EFFECT OF ROAD SALT APPLICATION ON SEASONAL WATER CHEMISTRY IN SOUTH-CENTRAL INDIANA STREAMS
To prevent the harmful impacts to aquatic and riparian life that could occur as the result of road salt application, more research is needed in regions where urbanization is occurring and road density is high. We monitored 4 different streams in south-central Indiana located in watersheds that vary in degree of urbanization. Grab samples were collected and analyzed for major anions and cations, and electrical conductivity was measured in-situ at each stream regularly during the non-winter season and at least weekly during the winter season. During the winter season, if precipitation occurred (in the form of rain or snow), samples were collected before, during, and after the event. Initial results show that conductivity, which can be directly correlated to chloride concentrations, increased during winter precipitation events. For example, specific conductivity at a heavily urbanized site the evening before a winter storm event was 1581 µS/cm @25C, and it increased to 3324 µS/cm during the event. In contrast, a less urbanized stream had a specific conductivity of 855 µS/cm @25C the evening before precipitation occurred and it increased to 1022 µS/cm during the event.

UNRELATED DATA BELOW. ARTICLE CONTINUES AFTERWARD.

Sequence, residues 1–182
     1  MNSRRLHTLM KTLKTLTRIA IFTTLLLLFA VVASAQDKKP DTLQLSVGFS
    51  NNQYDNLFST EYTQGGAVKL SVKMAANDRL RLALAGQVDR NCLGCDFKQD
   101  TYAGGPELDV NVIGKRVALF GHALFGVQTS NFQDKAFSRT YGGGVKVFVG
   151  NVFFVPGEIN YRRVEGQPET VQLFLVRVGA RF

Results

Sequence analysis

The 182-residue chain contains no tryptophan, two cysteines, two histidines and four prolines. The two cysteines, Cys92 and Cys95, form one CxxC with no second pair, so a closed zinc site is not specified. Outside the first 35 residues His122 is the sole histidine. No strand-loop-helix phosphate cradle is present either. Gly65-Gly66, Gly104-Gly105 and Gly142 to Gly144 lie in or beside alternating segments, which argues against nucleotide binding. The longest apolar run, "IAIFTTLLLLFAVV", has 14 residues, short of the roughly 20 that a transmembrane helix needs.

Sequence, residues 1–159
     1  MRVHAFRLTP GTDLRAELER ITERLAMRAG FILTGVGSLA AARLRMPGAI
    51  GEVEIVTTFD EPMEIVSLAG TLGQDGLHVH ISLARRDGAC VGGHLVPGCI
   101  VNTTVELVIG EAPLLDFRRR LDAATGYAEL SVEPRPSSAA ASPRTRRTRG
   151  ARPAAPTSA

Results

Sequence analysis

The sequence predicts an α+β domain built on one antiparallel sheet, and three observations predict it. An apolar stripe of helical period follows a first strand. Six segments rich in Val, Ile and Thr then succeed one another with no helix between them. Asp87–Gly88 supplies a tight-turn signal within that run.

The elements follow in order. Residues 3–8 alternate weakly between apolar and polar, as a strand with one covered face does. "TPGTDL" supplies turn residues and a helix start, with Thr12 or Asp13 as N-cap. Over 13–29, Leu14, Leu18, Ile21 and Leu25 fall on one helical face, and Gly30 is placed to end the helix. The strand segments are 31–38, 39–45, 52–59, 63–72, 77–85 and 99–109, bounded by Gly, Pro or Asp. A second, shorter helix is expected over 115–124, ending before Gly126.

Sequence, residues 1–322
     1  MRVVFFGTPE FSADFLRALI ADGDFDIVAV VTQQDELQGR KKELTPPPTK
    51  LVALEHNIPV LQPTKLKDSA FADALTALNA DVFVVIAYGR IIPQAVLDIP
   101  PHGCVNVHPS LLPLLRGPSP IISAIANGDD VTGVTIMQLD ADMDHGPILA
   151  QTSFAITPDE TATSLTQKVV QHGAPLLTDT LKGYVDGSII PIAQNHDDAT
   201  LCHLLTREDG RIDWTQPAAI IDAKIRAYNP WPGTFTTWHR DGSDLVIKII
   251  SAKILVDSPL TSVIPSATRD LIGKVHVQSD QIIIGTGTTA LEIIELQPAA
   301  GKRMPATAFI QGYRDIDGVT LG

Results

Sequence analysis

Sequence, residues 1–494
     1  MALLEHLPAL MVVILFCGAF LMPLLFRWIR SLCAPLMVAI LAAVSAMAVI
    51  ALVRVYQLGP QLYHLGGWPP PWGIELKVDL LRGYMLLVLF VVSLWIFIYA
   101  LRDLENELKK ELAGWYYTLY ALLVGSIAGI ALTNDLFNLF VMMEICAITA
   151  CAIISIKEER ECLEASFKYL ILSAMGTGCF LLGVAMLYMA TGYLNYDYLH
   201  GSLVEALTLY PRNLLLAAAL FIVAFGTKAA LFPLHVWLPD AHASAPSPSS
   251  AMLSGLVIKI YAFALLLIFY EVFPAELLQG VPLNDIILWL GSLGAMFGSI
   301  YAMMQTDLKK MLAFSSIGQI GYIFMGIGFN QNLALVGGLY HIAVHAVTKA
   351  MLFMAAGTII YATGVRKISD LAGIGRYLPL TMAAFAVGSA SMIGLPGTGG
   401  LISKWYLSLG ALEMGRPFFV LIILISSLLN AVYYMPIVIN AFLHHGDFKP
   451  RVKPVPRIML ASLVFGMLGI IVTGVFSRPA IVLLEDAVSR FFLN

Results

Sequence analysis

Anna M. Starks (Primary Presenter/Author), Indiana University Bloomington, firstname.lastname@example.org;
Todd V. Royer (Co-Presenter/Co-Author), Indiana University Bloomington, email@example.com;